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E‐laboratory design and implementation for enhanced science, technology and engineering education

William Morton (School of Engineering, Faculty of Computing and Engineering, University of Ulster, Newtownabbey, UK)
James Uhomoibhi (School of Engineering, Faculty of Computing and Engineering, University of Ulster, Newtownabbey, UK)

Campus-Wide Information Systems

ISSN: 1065-0741

Article publication date: 8 November 2011




This paper aims to report on the design and implementation of an e‐laboratory for enhanced science, technology and engineering education studies.


The paper assesses a computer‐based e‐laboratory, designed for new entrants to science, technology and engineering programmes of study in further and higher education to enable them complete proper “hands‐on” (not simulation) laboratory experiments off‐campus and also in virtual learning environments accessible remotely. The development of such a laboratory was in response to the inherent inability of web‐based learning environments to duplicate, off‐campus, the laboratory facilities and availability on‐campus. The measurement of effectiveness relates to whether a laboratory task can be accurately and completely achieved. Common parameters included percentage task completion, error rate and assistance required. Operations under different conditions were studied and observations made from comparison on implementations.


E‐laboratories were found to be more student‐centred with learners taking responsibility for their own learning.. The face‐to‐face pre‐computer scenario learners had a very low completion rate, a high error rate and required constant assistance. The computer‐based scenario resulted in a high completion rate, low error rate and a significant reduction in learner supervision.

Research limitations/implications

The technical constraints imposed by present online environments, the resulting impact on specific learning styles, and possible solutions to overcome these limitations are discussed.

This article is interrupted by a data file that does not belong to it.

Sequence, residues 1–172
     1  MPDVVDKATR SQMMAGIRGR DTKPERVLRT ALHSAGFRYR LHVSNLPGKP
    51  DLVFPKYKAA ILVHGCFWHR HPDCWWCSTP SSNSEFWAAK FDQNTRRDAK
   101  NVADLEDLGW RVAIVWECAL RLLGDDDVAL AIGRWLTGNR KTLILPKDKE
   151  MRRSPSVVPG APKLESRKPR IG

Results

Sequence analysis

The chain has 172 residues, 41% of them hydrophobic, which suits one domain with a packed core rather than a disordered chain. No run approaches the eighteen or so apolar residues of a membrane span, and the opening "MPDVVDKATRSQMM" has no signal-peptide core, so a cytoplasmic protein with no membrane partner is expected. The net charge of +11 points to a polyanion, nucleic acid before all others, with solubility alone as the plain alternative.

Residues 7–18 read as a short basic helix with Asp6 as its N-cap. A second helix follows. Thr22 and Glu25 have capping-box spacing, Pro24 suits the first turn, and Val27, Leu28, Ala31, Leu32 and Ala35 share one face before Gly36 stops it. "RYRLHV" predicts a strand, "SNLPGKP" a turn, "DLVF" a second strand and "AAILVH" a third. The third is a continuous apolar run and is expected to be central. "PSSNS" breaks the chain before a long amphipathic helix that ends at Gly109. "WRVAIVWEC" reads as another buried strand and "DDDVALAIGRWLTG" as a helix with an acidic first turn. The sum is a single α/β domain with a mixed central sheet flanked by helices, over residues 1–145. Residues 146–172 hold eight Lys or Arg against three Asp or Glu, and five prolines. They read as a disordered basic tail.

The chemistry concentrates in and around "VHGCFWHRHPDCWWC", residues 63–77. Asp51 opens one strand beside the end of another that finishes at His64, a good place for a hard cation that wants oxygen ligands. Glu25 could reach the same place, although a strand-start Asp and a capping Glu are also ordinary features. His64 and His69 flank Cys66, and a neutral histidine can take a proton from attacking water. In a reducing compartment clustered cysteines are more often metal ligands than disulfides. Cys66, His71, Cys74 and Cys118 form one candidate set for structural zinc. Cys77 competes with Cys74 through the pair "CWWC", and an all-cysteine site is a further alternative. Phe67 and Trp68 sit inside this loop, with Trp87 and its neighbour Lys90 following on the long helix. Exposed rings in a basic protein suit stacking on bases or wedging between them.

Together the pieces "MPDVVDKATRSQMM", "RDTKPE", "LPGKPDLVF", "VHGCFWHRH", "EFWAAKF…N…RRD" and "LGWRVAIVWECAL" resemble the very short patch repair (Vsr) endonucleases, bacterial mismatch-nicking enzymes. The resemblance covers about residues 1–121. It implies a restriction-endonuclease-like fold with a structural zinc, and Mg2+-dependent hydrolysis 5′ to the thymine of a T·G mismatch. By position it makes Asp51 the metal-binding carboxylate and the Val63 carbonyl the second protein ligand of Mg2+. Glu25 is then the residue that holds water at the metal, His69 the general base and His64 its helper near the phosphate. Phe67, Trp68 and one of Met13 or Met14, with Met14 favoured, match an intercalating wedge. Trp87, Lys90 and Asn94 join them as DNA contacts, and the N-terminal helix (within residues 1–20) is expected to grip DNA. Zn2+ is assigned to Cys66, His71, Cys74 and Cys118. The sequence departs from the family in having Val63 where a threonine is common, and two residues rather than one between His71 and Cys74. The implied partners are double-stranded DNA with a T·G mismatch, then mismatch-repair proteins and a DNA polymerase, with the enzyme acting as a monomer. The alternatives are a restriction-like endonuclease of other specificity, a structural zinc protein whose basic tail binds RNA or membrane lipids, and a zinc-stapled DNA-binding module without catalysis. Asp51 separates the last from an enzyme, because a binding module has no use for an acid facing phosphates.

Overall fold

Practical implications

Both quantitative surveys and qualitative interviews established a positive impact on student learning, thus justifying development of similar systems. More research and applications could follow as this has the potential to impact positively on development and use of e‐labs for enhanced science, technology and engineering studies in terms of costs, time and space requirements.


The recent interest and advances in the development of remote and virtual labs has shown that students of today, who are digital natives, especially those in the fields of science, technology and engineering, find the use of e‐laboratories very useful in enhancing their studies, encouraging them to use familiar technologies to access and do experiments either remotely or virtually online, thereby enhancing their learning. The approach adopted is unique and original, blending both virtual and hands‐on approach to experimental studies.



Morton, W. and Uhomoibhi, J. (2011), "E‐laboratory design and implementation for enhanced science, technology and engineering education", Campus-Wide Information Systems, Vol. 28 No. 5, pp. 367-377.



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Copyright © 2011, Emerald Group Publishing Limited

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